On two autobiographies that deal with discontent and change but in radically different circumstances: set in two entirely different continents of experience, written in two different languages and following two different modes of narration.
January 4, 2014, marks 47 years since Atiya Fyzee Rahamin's death and her bequest to the Karachi municipal corporation, and 137 years since her birth; but neither all the time, nor all the changes and progress has produced the courage that would be needed to reclaim her legacy. By RAFIA ZAKARIA
With India’s plurilingual heritage, translation, with its accretions, adaptations and substitutions, was often a reinterpretation of the “original”. It continues to be a way of having a living dialogue with our past and between our different cultures.
Almost Island, a writers’ collective with a rich online literary background, has made a mark on the Indian publishing scene with three remarkable books.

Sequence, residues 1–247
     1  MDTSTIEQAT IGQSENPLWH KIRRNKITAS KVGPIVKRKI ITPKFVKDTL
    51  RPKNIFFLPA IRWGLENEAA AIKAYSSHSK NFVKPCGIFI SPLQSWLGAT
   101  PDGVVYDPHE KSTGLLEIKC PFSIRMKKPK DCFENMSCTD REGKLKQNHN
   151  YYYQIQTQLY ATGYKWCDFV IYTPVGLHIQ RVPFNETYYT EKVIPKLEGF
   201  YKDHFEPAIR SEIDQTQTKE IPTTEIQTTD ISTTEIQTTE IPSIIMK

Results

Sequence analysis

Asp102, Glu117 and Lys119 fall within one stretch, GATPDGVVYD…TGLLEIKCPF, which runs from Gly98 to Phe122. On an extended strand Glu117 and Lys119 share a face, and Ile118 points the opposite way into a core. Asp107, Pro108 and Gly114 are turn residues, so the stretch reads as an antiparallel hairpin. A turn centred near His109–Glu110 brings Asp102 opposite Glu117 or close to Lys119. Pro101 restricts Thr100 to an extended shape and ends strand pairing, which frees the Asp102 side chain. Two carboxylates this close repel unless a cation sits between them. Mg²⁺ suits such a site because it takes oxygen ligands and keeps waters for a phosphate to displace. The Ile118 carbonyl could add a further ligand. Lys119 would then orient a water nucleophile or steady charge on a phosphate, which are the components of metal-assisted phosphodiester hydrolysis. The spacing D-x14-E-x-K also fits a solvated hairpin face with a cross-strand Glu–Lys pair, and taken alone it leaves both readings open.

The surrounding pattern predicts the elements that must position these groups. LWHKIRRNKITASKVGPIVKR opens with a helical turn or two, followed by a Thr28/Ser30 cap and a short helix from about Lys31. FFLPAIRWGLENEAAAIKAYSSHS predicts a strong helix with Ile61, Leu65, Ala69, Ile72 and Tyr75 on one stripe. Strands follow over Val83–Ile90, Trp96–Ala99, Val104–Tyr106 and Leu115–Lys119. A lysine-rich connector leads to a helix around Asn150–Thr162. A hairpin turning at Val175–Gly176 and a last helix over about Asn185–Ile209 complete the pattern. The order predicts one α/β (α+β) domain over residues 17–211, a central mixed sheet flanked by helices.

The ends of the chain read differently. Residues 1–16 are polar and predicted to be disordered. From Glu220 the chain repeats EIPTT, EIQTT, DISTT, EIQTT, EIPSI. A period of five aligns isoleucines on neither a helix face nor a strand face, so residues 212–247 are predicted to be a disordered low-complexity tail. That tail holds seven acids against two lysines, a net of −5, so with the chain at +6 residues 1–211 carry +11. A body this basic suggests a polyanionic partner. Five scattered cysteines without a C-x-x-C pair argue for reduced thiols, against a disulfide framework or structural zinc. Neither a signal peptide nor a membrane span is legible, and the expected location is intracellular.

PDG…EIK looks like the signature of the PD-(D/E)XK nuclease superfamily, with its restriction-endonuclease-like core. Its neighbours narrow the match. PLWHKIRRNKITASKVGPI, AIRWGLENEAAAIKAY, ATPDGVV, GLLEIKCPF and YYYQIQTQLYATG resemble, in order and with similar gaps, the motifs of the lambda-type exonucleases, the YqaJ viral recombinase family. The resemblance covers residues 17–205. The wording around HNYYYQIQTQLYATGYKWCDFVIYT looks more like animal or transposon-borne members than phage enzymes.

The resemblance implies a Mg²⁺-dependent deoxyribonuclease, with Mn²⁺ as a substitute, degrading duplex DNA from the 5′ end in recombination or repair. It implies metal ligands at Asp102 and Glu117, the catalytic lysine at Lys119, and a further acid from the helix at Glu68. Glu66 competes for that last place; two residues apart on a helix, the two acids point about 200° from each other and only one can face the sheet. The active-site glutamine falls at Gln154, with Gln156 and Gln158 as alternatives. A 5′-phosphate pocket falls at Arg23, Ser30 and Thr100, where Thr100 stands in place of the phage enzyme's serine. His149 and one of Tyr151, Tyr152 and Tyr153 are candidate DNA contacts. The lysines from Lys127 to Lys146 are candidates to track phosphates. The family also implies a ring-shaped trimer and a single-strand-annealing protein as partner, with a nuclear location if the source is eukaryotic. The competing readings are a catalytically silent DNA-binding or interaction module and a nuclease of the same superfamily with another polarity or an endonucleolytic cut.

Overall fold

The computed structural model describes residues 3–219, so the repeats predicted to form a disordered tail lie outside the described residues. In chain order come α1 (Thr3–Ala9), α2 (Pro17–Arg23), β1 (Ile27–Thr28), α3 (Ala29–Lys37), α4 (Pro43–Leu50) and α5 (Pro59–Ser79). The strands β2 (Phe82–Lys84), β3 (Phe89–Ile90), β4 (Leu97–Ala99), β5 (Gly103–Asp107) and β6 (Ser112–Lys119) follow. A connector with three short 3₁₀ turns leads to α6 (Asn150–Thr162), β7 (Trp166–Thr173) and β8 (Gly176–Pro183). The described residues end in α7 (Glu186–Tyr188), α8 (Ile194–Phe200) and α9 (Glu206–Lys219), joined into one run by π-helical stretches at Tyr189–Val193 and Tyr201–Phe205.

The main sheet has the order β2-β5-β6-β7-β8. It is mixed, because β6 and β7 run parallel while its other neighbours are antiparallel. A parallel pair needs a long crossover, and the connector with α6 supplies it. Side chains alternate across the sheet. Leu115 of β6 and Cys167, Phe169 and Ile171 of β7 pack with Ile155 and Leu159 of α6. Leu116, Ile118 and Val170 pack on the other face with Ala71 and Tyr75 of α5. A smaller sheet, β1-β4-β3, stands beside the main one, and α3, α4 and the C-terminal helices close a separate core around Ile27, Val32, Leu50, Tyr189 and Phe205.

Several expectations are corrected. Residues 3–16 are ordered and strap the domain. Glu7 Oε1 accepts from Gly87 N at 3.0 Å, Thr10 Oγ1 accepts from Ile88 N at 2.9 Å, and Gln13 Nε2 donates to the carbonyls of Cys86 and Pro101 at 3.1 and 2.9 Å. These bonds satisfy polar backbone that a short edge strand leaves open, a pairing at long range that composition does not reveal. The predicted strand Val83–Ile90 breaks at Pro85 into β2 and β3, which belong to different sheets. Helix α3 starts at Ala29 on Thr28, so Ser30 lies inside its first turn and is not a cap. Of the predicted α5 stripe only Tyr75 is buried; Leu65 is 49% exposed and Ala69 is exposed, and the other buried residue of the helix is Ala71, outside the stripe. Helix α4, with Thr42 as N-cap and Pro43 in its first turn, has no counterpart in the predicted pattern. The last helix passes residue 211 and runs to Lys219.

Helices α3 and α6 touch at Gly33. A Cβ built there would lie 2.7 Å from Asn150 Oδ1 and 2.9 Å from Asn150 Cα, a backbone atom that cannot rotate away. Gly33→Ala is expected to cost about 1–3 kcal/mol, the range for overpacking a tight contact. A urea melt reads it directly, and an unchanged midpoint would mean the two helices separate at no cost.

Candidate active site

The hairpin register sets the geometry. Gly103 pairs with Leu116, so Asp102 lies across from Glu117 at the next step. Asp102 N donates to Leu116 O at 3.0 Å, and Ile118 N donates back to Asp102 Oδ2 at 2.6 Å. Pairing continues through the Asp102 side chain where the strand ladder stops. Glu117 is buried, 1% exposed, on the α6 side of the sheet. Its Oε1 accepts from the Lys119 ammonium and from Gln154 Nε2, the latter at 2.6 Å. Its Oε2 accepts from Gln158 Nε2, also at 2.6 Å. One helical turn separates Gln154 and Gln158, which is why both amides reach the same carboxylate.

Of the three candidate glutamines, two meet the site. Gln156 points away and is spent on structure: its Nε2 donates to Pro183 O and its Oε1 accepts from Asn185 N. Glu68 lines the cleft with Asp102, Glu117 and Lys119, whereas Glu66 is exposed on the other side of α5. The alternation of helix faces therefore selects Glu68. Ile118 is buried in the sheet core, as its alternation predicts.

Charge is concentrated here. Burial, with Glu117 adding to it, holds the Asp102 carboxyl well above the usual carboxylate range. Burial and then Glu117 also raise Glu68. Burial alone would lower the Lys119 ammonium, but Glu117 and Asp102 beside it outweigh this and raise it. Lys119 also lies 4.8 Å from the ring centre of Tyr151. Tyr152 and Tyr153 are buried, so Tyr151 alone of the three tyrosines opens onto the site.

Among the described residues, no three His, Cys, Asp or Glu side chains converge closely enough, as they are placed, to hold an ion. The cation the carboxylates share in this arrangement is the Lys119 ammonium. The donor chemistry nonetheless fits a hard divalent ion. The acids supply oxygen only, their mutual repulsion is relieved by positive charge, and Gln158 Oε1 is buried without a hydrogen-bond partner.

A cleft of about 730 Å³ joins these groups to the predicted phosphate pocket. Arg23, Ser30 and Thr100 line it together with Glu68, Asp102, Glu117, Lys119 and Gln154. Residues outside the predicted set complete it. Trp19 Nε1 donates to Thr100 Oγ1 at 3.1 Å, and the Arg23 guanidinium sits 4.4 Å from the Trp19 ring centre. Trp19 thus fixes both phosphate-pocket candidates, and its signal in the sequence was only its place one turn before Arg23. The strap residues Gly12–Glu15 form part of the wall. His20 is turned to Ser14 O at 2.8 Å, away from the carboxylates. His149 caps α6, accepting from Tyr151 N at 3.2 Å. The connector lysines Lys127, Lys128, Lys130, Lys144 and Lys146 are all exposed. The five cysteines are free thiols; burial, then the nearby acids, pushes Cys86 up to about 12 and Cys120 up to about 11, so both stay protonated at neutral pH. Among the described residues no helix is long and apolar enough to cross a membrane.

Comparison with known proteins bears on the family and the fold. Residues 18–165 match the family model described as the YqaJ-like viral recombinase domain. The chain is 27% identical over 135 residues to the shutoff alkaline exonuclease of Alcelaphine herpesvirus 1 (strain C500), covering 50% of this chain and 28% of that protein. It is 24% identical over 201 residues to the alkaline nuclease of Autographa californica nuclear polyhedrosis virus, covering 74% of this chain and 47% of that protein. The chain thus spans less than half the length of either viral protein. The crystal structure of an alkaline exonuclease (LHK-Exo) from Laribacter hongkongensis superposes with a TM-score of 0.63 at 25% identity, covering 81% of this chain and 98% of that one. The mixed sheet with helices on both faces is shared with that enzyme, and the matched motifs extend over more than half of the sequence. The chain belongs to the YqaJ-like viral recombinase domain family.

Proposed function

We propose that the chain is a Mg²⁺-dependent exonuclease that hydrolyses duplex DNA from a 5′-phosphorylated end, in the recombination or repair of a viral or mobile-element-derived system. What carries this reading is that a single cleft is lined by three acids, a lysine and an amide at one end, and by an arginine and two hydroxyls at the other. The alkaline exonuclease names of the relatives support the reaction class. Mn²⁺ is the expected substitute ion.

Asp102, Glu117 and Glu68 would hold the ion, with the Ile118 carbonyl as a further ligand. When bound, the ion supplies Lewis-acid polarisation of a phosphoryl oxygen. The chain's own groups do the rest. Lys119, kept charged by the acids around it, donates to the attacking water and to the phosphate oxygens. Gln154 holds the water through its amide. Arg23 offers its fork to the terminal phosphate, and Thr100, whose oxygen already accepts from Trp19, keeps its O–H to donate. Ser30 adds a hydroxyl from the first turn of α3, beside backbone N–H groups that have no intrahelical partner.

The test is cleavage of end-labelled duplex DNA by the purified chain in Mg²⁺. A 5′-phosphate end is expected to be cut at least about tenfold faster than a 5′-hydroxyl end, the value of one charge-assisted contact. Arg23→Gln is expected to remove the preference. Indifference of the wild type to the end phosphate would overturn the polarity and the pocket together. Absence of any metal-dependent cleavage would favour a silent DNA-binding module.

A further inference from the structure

Even when poetry is dark and angst-ridden, it remains the scream of the agonised mind full of concern for the future or for humankind. Poetry speaks for the victims of all kinds of oppression.
Bombay’s fascination comes from many sources: its deep history, its colonial past, the impact of Partition, and its cosmopolitan population.
Modernism in Indian literature, in retrospect, appears to have been a way of documenting the dehumanisation of society after Independence with its attendant alienation, morbidity and loss of identity.
A Dalit writer’s book about his caste group in Tamil Nadu evokes as much sharp criticism as the State government’s ban on it. By R. ILANGOVAN